iPEC was founded by Bruce D Schneider, PhD and MCC, and it was his work that founded the experiential approach to training. The proprietary methods used at iPEC include the Core Energy Dynamics TM and the Core Energy Coaching TM process, both of which were created by Schneider. Coach trainees at iPEC can specialize in business, life, executive, and career coaching, plus a range of sub-specialties within each category.

Some of the iPEC coach training components include –

  • There are three face-to-face modules, including a number of virtual education modules, making up a total of more than 350 hours.
  • Each trainee has their own Mentor Coach to help with the development of their skills.
  • There’s a peer and business support program, extending beyond completion of the program.
  • While in this niche-based training program, there are nine options to choose from while in training.

The iPEC training program has been fully accredited since the year 2002, so it’s not new to the ICF. Once the program is completed, successful participants become Certified Professional Coaches, fully accredited and recognized by the ICF.

Costing for this program is $9,895.00 all inclusive. This fee covers all mentor coaching, instruction, and materials. Costs for lodging, food, travel, phone calls etc. are covered by the student. When doing research on training schools, keep an eye open for any specials being offered, because sometimes tuition specials can be found.

Coach U

This is another well-known and successful coaching school, founded in 1992. Coach U has been a leader in this industry for many years. They have Advanced Coaching Programs which can qualify a student to become an Associate Certified Coach, a Professional Certified Coach, or a Master Certified Coach, all through the ICF.

This is a virtual training program, meaning that students complete 100% of their training via distance learning. This is very important, because it caters to many differing schedules and lifestyles, and provides ultimate flexibility for students. Coach U training is for those people who desire to seek a career in corporate or life coaching. A student at Coach U focuses on learning specific skills, creating their coaching practice, and combing it all to fit into their personal life or an existing business.

Students must complete 175 training hours in order to graduate and receive their coaching certification. There are two main components to this program – CEP (Core Essentials Program) and ACP (Advanced Coaching Program). The ACP format includes internet-based study and tele-classes, plus weekly conference walls – these are once a week for a period of one hour, lasting for four to eight weeks – fieldwork, reading between weekly phone-calls, email and internet collaboration with trainers, and mentoring by phone. Even the final exam is done via the internet.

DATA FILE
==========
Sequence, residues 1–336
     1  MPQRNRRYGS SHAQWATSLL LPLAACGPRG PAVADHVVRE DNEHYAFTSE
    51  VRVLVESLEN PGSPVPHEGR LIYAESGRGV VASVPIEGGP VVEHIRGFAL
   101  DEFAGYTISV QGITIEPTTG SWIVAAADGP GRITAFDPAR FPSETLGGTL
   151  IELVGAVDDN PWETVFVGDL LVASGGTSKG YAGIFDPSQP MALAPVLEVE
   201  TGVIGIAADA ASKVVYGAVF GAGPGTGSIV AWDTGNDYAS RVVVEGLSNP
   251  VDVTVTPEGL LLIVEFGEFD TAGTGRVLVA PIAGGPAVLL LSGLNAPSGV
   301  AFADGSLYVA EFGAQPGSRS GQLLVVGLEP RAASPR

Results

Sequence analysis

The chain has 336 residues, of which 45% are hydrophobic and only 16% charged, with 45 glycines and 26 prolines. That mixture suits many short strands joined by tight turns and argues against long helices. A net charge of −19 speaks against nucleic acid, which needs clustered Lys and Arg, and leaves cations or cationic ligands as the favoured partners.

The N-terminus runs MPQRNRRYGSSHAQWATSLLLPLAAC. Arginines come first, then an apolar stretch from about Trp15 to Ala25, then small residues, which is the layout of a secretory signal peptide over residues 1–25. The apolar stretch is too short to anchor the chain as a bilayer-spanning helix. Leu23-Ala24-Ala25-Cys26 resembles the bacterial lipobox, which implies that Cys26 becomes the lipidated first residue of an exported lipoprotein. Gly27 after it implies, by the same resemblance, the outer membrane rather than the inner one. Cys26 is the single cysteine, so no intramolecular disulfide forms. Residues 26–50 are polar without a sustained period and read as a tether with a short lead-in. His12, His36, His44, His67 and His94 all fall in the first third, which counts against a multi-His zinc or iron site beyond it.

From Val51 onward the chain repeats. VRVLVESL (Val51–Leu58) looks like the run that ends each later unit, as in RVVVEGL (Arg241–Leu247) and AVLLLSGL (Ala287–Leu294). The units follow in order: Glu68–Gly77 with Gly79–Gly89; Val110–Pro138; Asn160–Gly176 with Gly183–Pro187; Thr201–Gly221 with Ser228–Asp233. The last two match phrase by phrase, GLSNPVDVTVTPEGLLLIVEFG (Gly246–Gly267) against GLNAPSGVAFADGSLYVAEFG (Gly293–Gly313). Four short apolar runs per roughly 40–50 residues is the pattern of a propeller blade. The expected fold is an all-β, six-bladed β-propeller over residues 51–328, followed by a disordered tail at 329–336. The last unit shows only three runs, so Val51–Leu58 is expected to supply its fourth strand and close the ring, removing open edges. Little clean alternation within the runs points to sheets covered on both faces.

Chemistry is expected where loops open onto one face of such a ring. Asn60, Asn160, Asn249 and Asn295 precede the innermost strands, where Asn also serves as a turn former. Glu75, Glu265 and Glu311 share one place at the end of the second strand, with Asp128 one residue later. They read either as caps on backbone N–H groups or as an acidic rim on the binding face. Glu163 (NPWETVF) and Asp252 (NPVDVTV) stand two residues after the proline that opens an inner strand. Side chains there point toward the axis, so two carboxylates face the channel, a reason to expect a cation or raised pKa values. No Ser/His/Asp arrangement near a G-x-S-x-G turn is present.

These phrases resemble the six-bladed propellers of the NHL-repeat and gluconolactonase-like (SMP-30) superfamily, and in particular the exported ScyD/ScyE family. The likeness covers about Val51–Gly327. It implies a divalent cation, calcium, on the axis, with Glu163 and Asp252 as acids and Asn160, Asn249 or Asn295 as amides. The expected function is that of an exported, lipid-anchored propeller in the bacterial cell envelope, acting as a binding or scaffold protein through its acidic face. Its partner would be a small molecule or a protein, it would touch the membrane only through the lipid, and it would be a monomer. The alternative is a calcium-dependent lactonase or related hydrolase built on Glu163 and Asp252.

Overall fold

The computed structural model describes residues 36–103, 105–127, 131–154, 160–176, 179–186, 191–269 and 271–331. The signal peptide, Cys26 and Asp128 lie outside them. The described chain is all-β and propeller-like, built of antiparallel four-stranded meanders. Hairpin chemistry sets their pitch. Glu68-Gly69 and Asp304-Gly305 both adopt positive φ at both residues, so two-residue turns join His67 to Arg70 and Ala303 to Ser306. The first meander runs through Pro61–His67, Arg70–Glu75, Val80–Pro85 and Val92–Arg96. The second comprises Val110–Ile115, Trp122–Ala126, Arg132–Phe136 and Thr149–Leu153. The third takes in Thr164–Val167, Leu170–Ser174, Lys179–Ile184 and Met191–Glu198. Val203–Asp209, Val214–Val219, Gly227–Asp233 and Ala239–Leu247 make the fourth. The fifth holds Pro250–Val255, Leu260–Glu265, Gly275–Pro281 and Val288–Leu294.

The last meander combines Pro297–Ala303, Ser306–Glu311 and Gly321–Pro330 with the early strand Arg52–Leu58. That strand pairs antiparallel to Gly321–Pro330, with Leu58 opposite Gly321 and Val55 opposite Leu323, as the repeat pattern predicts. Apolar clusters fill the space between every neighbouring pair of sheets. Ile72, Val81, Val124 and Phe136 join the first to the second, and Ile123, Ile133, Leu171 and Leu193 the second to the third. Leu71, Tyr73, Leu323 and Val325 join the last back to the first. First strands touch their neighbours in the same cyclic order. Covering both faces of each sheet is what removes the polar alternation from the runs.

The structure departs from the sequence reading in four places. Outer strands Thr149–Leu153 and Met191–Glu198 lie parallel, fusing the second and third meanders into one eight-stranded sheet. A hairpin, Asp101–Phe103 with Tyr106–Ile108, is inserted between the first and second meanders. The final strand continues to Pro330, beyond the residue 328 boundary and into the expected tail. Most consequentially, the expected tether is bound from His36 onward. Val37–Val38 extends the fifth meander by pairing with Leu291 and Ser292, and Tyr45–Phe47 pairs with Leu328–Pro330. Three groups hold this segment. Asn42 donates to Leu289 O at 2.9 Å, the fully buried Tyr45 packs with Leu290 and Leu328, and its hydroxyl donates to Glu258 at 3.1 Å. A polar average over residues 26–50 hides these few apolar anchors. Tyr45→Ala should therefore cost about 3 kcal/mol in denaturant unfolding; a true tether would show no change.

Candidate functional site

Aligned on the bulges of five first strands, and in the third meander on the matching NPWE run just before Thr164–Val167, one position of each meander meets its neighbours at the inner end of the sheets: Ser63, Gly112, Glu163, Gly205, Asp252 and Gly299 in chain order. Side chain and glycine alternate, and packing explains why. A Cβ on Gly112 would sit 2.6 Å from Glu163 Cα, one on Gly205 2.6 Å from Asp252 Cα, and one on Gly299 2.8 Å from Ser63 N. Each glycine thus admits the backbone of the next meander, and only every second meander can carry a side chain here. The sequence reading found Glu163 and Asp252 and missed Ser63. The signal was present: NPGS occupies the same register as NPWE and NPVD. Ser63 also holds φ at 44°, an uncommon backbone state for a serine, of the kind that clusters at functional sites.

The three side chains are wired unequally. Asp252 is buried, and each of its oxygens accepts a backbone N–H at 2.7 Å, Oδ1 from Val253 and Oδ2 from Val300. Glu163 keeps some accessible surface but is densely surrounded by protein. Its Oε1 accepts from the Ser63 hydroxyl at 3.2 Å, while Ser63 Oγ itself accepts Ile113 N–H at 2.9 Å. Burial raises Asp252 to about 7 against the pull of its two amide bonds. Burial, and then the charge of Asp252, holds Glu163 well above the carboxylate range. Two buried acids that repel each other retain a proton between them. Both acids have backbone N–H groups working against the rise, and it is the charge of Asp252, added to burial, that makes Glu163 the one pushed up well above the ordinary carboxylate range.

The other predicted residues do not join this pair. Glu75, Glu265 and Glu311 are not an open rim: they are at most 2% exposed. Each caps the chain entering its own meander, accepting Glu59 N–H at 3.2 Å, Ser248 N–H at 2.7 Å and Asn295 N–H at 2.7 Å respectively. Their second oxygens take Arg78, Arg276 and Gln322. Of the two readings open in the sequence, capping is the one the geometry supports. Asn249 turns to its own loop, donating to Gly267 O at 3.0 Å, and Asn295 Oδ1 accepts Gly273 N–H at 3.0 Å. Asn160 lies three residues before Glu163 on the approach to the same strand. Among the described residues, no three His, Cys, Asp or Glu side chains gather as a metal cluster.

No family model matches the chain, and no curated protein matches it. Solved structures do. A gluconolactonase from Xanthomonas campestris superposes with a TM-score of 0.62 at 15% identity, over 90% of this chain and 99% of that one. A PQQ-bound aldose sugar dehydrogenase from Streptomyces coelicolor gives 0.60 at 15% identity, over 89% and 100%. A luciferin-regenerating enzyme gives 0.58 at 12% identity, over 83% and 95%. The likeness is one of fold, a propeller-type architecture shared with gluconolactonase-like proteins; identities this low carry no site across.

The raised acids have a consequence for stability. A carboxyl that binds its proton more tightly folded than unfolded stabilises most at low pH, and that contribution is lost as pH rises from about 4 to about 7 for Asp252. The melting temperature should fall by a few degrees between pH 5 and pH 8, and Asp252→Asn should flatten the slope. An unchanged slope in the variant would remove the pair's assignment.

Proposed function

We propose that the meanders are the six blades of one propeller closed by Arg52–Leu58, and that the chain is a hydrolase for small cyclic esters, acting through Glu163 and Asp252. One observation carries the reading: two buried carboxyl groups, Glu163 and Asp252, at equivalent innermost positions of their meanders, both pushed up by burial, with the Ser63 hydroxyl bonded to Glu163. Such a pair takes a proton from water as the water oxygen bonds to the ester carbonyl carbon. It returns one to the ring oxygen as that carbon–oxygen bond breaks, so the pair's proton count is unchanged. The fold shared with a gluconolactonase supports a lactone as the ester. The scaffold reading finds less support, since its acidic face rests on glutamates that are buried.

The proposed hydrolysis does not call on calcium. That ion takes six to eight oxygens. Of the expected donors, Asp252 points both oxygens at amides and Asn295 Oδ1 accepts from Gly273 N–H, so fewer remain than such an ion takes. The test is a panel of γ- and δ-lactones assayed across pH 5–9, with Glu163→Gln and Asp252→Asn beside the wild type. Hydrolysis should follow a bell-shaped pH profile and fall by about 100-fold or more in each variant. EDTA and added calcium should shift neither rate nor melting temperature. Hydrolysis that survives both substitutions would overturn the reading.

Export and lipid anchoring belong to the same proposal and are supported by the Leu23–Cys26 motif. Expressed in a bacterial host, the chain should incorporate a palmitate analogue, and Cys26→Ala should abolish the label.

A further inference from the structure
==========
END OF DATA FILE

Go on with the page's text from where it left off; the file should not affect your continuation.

This course costs $6,090.00 plus text-books. You can also choose the higher-priced option, also accredited by the International Coach Federation, and this caters to coaches desiring a corporate or executive coaching practice. If you’re looking for total flexibility in training, combined with the knowledge that your school has an impeccable reputation in the industry, then Coach U is a great option.

Conclusion

There are many more really good coaching programs out there: the three mentioned above have wonderful reputations, however, there are a lot more coach training schools that also deserve recognition. Perhaps this short review will give you motivation to do your own research and find the training program that ultimately suits your needs best. You can do a search for accredited programs on the International Coach Federation’s website.

Ensure that you do your research thoroughly, ask your questions and make sure you get the answers that you need for your own training. The program you choose must reflect your own personal philosophy and style, because each student has different needs. Coaching is a wonderful investment both professionally and personally, so you must be very confident that you have chosen the right program to suit your budget and your time.

If you are considering becoming a life coach, you are probably on the hunt for the best life coaching books to help you learn about the profession and get you motivated. Here are three great reads every aspiring coach should read.

1. Co-Active Coaching by Laura Whitworth, Henry Kinsey-House, Phil Sandahl, and John Whitmore

Co-Active Coaching was first published in 1998, but is in its third edition due to popular demand. Considered the “bible of coaching” by some coaches, this book was written by the founders of The Coaches Training Institute and includes proven coaching tools and principles on which many coach training programs base their curriculums. Co-Active Coaching is used as a text book in many schools and also used by organizations to help managers learn to use coaching skills with their employees.
Co-Active Coaching provides you with coaching tools, skillsets and specific strategies to help you succeed as a coach. Further, the book covers ethical frameworks and coaching philosophies to ensure you understand the core of coaching and its purposes in life and business. After reading this book, you will understand the fundamentals of coaching and have specific tools to practice in your daily life, be it work or personal. Regardless of the specific coaching path you plan to take, Co-Active Coaching is the most comprehensive approach you can get without an actual training program.